Unit B

Module 4 ~ Lesson 2

 Biological and Geographical Barriers

Darwin observed finches in two isolated populations. In order for two separated populations to diverge into two distinct species such as Darwin's finches, the populations must be kept separate. Populations can be kept separate in a number of ways.

Geographical Barriers

Two populations can be prevented from interbreeding due to geographical barriers that keep them physically separate, such as mountains, oceans, or rivers. For example, the lava flow from an active volcano might create a physical barrier separating the two populations. If the populations cannot intermingle, they become reproductively isolated and are no longer able to mate. Over time, the populations will display distinct traits and possibly become distinct species. 

By Andrew Z. Colvin [CC BY-SA 4.0 (https://creativecommons.org/licenses/by-sa/4.0)], from Wikimedia Commons

Biological Barriers

It is possible for two species to diverge even if they are not geographically isolated. There may be one or more biological characteristics displayed that create a reproductive barrier in a population. For example, in a population, one group of birds may nest on the ground while another group nests in the trees. The ground birds and tree birds, though the same population, will not interbreed. Over time, this biological barrier separates the two populations.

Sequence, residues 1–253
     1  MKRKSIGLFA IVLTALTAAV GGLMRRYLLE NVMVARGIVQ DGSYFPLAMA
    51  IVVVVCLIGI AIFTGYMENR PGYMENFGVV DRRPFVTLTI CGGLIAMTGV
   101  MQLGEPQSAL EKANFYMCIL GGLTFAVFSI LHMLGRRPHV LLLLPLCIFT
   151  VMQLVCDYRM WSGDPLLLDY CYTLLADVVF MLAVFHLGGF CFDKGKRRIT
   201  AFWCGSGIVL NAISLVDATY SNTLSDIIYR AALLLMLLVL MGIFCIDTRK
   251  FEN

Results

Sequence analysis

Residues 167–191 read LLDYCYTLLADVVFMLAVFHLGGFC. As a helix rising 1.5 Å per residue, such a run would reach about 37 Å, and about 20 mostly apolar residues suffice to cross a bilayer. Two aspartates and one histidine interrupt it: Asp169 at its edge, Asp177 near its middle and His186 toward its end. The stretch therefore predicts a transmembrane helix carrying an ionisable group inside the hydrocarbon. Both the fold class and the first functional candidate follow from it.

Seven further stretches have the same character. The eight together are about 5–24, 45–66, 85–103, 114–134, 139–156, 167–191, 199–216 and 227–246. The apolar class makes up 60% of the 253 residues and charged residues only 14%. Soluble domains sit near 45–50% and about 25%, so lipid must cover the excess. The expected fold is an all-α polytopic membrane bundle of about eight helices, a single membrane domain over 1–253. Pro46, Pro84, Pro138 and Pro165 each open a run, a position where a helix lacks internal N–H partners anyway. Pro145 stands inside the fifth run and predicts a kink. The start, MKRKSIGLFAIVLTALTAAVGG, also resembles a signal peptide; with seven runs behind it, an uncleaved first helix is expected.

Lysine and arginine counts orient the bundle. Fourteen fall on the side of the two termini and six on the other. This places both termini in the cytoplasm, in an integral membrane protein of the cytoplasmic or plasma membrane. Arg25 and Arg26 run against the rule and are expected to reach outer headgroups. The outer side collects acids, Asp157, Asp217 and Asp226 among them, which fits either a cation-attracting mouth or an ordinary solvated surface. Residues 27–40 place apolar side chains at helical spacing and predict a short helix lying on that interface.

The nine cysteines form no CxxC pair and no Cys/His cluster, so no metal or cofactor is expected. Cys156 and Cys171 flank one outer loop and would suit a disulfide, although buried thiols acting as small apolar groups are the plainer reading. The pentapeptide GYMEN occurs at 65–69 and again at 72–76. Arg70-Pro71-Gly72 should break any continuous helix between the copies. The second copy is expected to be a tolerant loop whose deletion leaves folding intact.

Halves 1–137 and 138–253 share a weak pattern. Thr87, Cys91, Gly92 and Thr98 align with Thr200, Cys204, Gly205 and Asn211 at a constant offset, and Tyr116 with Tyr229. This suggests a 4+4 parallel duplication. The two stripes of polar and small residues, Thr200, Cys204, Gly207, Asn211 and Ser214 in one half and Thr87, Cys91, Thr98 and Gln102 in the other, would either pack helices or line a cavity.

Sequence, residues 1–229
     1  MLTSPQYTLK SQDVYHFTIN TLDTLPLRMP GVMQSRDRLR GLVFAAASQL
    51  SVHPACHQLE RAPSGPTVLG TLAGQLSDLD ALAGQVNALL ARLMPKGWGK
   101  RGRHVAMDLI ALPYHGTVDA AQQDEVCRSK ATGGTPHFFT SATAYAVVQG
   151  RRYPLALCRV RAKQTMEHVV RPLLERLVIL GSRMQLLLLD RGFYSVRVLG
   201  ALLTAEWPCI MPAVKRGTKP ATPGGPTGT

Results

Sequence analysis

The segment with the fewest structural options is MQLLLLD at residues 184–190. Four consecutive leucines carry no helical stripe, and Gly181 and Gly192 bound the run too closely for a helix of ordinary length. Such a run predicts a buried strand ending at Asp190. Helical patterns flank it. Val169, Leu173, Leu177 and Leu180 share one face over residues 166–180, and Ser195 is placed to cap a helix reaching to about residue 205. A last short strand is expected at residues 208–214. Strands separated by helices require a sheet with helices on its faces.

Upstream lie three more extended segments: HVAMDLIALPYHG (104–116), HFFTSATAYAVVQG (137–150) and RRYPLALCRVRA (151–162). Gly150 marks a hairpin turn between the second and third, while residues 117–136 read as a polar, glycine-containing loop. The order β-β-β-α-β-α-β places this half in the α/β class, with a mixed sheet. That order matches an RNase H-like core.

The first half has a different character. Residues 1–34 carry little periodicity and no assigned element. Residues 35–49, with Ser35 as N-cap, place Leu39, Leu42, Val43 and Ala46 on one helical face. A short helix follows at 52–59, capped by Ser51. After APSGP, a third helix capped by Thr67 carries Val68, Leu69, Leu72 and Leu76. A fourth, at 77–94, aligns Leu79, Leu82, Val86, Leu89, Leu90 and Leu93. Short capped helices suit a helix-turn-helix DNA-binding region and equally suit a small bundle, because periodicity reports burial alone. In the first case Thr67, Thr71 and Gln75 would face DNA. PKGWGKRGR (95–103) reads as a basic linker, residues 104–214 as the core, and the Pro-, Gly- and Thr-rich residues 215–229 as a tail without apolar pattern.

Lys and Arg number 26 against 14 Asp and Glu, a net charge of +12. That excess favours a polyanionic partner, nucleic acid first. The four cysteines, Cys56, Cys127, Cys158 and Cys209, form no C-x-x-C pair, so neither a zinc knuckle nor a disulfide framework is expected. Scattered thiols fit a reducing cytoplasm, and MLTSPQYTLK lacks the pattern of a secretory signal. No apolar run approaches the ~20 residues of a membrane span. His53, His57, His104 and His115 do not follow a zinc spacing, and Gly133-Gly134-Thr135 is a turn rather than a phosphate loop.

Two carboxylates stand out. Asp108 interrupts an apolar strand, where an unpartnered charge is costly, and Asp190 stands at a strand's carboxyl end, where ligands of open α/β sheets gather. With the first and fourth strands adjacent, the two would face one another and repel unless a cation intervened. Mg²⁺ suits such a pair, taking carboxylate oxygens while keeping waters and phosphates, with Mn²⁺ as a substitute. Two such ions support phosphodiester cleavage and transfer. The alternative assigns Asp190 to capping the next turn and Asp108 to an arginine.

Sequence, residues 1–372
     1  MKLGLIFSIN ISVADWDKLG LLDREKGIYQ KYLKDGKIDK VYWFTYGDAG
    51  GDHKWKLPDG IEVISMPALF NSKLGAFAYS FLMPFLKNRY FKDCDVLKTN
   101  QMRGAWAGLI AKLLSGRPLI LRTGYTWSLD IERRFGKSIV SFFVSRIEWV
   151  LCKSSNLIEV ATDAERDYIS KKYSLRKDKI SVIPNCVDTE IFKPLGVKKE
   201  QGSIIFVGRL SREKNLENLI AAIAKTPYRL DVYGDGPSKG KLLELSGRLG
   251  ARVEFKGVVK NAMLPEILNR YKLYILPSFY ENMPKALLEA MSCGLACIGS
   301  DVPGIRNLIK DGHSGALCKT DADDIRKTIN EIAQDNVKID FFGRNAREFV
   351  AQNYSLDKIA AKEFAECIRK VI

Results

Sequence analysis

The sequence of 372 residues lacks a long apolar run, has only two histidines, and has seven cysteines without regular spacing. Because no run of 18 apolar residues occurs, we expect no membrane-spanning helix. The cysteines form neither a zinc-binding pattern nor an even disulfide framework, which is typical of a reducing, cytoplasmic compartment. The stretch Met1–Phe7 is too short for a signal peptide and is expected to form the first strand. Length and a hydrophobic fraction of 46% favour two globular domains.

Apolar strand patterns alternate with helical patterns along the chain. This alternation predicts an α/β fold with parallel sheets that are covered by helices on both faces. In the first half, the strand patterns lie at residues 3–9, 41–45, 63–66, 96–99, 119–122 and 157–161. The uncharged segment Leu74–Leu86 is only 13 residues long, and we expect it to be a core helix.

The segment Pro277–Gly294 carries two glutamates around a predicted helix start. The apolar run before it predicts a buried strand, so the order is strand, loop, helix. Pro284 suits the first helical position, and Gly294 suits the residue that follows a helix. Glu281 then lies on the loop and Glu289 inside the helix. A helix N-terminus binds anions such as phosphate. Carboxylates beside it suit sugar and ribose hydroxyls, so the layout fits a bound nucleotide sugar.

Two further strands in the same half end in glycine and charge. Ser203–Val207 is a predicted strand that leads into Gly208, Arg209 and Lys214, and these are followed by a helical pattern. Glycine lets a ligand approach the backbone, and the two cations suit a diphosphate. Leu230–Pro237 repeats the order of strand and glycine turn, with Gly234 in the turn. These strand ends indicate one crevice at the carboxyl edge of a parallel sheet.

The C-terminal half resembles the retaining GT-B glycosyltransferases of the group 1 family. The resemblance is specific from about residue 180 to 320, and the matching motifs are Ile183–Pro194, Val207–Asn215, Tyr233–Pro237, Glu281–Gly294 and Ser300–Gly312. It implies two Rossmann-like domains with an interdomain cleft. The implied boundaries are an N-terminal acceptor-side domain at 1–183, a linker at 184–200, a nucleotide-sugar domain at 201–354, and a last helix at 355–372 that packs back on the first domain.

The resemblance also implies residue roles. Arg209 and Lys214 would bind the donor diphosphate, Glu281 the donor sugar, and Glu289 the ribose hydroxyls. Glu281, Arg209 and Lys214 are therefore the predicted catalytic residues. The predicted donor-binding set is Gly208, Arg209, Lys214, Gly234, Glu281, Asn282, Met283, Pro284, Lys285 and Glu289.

By Jason Thompson - Flickr: Long-tailed Broadbill (Psarisomus dalhousiae), CC BY 2.0, https://commons.wikimedia.org/w/index.php?curid=30899178

Other examples of biological barriers include, but are not limited to, pheromones (chemical signals), mating behaviours (such as bird songs or mating dances), or where eggs are laid.

By Andrew Z. Colvin [CC BY-SA 4.0 (https://creativecommons.org/licenses/by-sa/4.0)], from Wikimedia Commons


Read "Keeping Populations Separate" and "Speciation Occurs in Reproductively Isolated Populations" on pages 137 to 139 of your textbook.


Watch the following videos explaining divergent speciation. One depicts the real-life example of the Galapagos finches and the other uses fictional species to simplify and explain the process.


A geographical barrier keeps populations physically separated from one another. Examples include canyons, mountain ranges, water between islands, large lava flows, and glaciers.

With a biological barrier, organism ranges may overlap, but biological barriers prevent reproduction. Courtship/mating rituals, pheromones, behaviour, niche/habitat preferences, and reproductive anatomy differences are examples of biological barriers.

Bird calls play a large role in mate selection. Variations in calls may affect the ability of males to attract female mates. Intraspecific variations in calls can lead to reproductive isolation.